The New Zealand Railways Magazine, Volume 12, Issue 8 (November 1, 1937)
Te Waka on the War-path
Te Waka on the War-path.
In the first dim light of dawn Bates was startled by Te Waka bursting into his hut. The Maori was armed with a tewhatewha, a wooden weapon shaped like a battleaxe, with a long handle, and a plume of hawk's feathers just below the blade. Bates was quite unarmed. Te Waka danced about, threatening him with death if he did not leave the village at once and return to the Mangatawhiri. The soldier hastily wrapped a blanket round his left arm to ward off the expected blow.
The maddened Maori's shouted threats brought the whole village out. Everyone was eager to see how the pakeha dealt with the Kingite champion. The wild man stood in the doorway brandishing his tewhatewha and yelling. One of the young women made a taunting remark. Te Waka struck her with the weapon. Next moment Haré Mokena jumped in and dealt him a blow with his fist.
“Run, run for your life!” cried a Maori, rushing and seizing Bates by the hand. He was not inclined to run; nevertheless he went with the Maori to a house where most of the women were gathered. There they begged him to wait till the mad fellow had cooled off. Meanwhile Te Waka was dashing about the place, striking viciously here and there with his tewhatewha. The sun rose, and with its coming, a complete change seemed to pass over the savage.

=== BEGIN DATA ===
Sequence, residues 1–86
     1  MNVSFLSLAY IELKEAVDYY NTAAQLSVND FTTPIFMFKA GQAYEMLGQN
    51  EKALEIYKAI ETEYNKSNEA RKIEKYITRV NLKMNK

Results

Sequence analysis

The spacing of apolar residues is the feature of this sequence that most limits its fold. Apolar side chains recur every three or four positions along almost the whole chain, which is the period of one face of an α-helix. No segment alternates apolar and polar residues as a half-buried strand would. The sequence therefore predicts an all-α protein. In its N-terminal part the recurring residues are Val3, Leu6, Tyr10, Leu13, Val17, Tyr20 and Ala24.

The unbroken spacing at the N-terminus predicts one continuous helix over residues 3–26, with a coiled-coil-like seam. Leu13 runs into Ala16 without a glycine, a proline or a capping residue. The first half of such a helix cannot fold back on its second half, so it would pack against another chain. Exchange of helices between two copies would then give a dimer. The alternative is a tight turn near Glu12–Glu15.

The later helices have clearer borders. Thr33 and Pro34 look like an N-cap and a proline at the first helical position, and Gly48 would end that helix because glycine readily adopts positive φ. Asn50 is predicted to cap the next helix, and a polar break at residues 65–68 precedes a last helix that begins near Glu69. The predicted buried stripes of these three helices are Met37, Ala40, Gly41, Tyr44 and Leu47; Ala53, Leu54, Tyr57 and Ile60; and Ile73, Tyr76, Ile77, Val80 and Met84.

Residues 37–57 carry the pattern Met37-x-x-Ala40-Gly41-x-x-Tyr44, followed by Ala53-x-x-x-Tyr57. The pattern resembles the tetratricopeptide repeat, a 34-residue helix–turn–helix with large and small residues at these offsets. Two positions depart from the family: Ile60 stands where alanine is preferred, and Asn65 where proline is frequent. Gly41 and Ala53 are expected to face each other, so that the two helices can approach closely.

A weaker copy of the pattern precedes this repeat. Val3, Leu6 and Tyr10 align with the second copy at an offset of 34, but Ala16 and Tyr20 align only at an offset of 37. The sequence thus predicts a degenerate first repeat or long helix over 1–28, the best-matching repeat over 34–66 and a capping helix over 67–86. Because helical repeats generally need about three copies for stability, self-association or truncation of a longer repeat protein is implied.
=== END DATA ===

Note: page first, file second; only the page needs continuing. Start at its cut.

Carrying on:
“Where is Te Peeti?” he asked quite mildly. “My anger is done. I am sorry I took his gun. I must make amends for it.”
Bates walked out to the village green. He distrusted the big warrior, and he kept the blanket on his left arm to take the first blow.
At the moment the pakeha appeared, Te Waka went mad again. He leaped into the air, his battleaxe thrust at arm's length above his head. He slapped his tattooed thigh, he went jumping to and fro uttering short, sharp sentences, his eyes glittering, glaring.
“You tell me!” he yelled, “that I have behaved treacherously! Yes, treacherously!” He charged up to Bates as if he were about to strike him down, then stopped short and slapped his thigh. He turned and trotted back, then ran forward again, whirling his weapon with its dancing plumes. “You call me treacherous! Yes, you have asked for satisfaction, for utu! Oh, yes, I'll give you satisfaction!”
“Now,” thought Bates, “it's coming! What a fool I am to stand here without a weapon to defend myself. Oh for my gun!” But he braced himself to look cool and keep on the alert for a lightning blow. The gun? Wise old Te Raro had hidden it until the trouble was over.